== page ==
Too many numbers, lack of focus and bad formatting make tables impossible to understand and energy consuming for your audience. Follow these 8 simple tips to make effective tables that you can use with pride in your presentation.
If you need to present numbers, you may believe (like me and Gene Zelazny) that graphs and visuals are the best way to go. But if you (your company or audience) are number-hungry, maybe you’ll still need to include a table in your presentation from time-to-time.
But PLEASE: Don’t let it look like this…
This is the kind of table that might drive Don McMillan mad in “Death by PowerPoint” . It is bad because there is no message, there is too much data and nothing stands out.
If you insist upon including such a “raw-data” table somewhere in the appendices or giving it as a hand-out for the finance guys, then at least make it look like this:
…or this, if you like a bit of colour …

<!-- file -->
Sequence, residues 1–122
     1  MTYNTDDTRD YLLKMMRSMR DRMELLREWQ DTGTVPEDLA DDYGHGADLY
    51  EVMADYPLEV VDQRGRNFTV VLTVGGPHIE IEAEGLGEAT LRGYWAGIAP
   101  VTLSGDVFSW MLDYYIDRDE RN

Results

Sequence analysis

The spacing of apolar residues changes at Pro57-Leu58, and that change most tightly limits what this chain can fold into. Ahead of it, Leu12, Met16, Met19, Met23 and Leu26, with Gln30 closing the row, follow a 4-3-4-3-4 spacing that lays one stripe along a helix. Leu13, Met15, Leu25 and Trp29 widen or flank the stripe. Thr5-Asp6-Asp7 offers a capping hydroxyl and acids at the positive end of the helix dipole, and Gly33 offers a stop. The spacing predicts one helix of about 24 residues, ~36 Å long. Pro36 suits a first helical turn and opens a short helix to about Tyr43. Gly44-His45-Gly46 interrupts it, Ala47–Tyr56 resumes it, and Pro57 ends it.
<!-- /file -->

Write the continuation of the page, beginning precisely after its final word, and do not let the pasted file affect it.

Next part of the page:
To achieve an effective raw-data table like the ones above, consider the following 5 tips:
- Differentiate row and table headers with different font formatting
- Add background colouring to cells to seperate columns or distinguish headers from data
- Put totals in a different font, or in bold
- Use more white space to separate chunks of data
- Make cells large enough to have some white space around the numbers
…now you have a nice raw-data table for your appendix or hand-out.
But if you are presenting numbers with tables as an integral part of your presentation, you cannot drown your audience with large data like the tables above. Follow these additional 3 tips to bring a clear message and focus to your numbers:
- Identify your main message and make it the title for the table
- Remove any irrelevant data – other numbers can always be seen in the appendix
- Highlight anything that needs to stand out using formatting
Applied to the numbers in the raw-data table above, with a specific message in mind creates a table more like this:
So, if you want to make effective tables that you can use with pride in your presentation, concentrate on your key message, reduce useless data and bring more focus to what counts.
Thanks for reading!
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